IL App. (1st Dist.) / Products and Services Exclusionshoke2013
Broad Exclusion Applies Even to Claims Regarding Sale Through Intermediary
The 1st District Appellate Court of Illinois, in an opinion by Justice Gordon, affirmed the trial court’s grant of summary judgement for The Hanover Insurance Company (“Hanover”) against its insureds, holding that Hanover did not have a duty to defend due to a broad “Products and Services Liability” exclusion in its insurance policy issued to MRC Polymers, Inc. (“MRC”). The appellate court found the exclusion barred coverage not only in situations where the insured offered the product directly to the end user but was also broad enough to encompass claims related to sales through intermediaries.
MRC is a recycling company that used a proprietary “washline technology” in its business of recycling postindustrial and postconsumer plastic waste. In 2012, MRC sold the intellectual property rights and physical assets related to this technology to different affiliated entities. In 2013, MRC and its affiliates entered into a contract with PP V (AIV) MRH, LLC (“Pegasus”) in which Pegasus (through subsidiaries) purchased or leased a variety of MRC‘s assets, including the washline technology. The sale was predicated on projections of the yield of the washline technology provided by MRC and its affiliates. In 2016, Pegasus sued MRC in two separate suits seeking recission of the contract based on fraudulent inducement and fraudulent misrepresentation after the projections related to the washline technology were not realized. MRC is the named insured on a private company management liability insurance policy issued by Hanover. MRC tendered defense of both Pegasus suits to Hanover under the directors and officers and entity liability coverage of the insurance policy. Hanover then brought a declaratory judgement action against MRC and affiliates, seeking a declaration that it did not owe a duty to defend or indemnify MRC pursuant to a “Products and Services Liability” exclusion in the policy. The parties filed cross-motions for summary judgment. The trial court granted summary judgment in favor of Hanover and against MRC.
Per the exclusion at issue, coverage under the policy did not apply to losses “arising out of or in any way related to any Claim for a Wrongful Act by reason of or in connection with the efficacy, performance, health or safety standards and/or proprietary licensing rights for any services, products or technologies offered, promised, delivered, produced, processed, packaged, sold, marketed, distributed, advertised and/or developed by the Insured Entity.” MRC acknowledged that the exclusion did apply to allegations in the underlying complaint where MRC “offered, promised, delivered, produced, packaged, sold, marketed, distributed, advertised and/or developed” to Pegasus. However, MRC argued that there were allegations that fell outside of the exclusion, such as those that alleged that MRC’s affiliates offered or develop the technology, not MRC itself, thus triggering Hanover’s duty to defend.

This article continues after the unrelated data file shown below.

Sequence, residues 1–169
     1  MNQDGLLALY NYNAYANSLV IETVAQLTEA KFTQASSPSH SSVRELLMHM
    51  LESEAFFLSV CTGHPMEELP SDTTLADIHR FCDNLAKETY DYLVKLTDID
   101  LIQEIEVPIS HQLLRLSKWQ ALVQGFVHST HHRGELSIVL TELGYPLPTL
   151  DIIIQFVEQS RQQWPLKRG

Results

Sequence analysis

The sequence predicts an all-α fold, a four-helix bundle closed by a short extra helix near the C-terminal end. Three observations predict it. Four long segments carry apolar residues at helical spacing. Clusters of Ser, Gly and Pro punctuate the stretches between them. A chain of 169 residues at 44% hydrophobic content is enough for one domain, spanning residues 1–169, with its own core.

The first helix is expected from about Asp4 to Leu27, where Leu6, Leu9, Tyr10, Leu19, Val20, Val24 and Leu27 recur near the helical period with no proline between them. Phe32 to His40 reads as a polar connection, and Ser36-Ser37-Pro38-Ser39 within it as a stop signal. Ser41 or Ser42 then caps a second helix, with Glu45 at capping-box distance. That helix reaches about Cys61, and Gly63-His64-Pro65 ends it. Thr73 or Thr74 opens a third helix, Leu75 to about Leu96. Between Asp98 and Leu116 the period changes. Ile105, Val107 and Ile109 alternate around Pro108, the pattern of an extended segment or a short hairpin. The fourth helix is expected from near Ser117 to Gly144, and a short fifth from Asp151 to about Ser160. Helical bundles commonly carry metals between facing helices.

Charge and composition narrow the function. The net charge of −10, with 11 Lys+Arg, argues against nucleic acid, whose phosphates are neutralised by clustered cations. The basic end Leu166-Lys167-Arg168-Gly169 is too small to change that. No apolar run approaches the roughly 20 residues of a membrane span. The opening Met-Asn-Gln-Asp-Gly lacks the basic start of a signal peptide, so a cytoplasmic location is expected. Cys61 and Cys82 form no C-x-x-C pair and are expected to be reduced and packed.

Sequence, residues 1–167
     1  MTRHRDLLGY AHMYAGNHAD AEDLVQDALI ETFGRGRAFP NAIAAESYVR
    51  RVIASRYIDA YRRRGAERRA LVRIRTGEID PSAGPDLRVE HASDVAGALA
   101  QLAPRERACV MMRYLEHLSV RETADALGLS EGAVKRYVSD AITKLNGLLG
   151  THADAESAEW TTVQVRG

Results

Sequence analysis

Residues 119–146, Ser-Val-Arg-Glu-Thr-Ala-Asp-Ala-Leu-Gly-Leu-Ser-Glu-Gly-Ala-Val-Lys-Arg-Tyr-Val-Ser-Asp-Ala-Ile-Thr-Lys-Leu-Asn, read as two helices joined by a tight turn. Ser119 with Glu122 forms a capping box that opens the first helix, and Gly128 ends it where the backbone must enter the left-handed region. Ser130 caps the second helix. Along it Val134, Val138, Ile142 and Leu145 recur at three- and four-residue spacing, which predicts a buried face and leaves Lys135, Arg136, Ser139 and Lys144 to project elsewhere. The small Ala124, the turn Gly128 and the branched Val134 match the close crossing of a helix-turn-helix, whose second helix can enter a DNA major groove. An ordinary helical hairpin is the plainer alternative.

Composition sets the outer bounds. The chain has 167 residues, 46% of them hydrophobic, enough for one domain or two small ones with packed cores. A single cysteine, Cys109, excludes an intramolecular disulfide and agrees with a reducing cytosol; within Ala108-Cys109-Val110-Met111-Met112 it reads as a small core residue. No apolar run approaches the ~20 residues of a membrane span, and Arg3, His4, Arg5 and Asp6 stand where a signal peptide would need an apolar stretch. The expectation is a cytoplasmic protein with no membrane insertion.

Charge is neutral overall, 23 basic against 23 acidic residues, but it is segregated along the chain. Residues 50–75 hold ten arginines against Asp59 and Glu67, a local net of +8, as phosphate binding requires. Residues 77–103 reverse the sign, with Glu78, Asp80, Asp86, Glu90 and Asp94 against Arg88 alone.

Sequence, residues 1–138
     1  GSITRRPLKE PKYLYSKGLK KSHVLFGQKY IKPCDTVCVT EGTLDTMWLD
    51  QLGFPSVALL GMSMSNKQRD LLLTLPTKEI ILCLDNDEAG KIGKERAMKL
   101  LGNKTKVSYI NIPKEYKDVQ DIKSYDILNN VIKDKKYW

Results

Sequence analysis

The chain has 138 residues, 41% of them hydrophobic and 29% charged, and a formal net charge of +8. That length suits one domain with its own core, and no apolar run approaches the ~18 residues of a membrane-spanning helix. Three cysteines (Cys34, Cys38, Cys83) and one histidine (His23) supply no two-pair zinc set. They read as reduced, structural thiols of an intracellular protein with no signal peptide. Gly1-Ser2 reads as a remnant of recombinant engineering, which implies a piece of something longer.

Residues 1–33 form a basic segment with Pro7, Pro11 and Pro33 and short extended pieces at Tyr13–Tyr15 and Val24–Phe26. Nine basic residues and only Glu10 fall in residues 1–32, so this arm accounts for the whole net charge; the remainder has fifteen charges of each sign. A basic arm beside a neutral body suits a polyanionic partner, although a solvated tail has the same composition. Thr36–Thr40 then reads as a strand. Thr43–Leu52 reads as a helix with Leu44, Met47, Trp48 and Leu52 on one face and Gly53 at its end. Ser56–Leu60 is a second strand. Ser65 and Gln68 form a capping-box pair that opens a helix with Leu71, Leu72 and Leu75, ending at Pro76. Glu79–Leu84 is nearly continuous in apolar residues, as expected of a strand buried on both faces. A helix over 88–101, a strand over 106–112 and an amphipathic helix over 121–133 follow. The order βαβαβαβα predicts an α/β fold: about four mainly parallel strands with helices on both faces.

MRC also claimed that the underlying complaint included causes of action based on vicarious liability, which by their nature meant that the wrongful acts were committed by a party other than MRC, and therefore did not fall within the exclusion.
The appellate court rejected these arguments. At the outset, the appellate court pointed out that it is possible for more than one entity to offer or develop a technology, so the allegation that an affiliate offered or developed the technology does not automatically bring the claims outside of the exclusion with regard to MRC. Further, the appellate court found that the exclusion was extremely broad and applied even in circumstances where the insured did not offer the product directly to the end user. The loss arose from a claim for a wrongful act in connection with the performance of technologies offered by MRC, which satisfied all of the requirements of the exclusion. Thus, even though MRC had sold the rights to the technology to an affiliate who then sold the technology to Pegasus, the plain language of the exclusion applied.
MRC also tried to argue that allegations against MRC were based on the conduct of Dean Eberhardt, an executive for various MRC affiliates and a former MRC executive, and that it was “more reasonable” to infer that Eberhardt was acting on behalf of the affiliates, not MRC. The appellate court rejected this argument because the underlying complaint expressly alleged that Eberhardt was acting on behalf of MRC, and the appellate court “cannot disregard these allegations simply because defendants disagree with them.”
Finally, MRC also argued that the trial court erred in refusing to consider extrinsic evidence that MRC did not own and did not develop the washline technology itself, but that it in fact licensed it from a third party. The appellate court rejected this argument and agreed with the trial court, pointing out that even if the technology had been developed by a third party, the fact remained that the claim at issue was connected to MRC’s sale of its rights to that technology, which is sufficient to trigger the exclusion, and so that fact would not have changed the outcome. Hanover Ins. Co. v. MRC Polymers, Inc., 2020 IL App (1st) 192337 (September 10, 2020).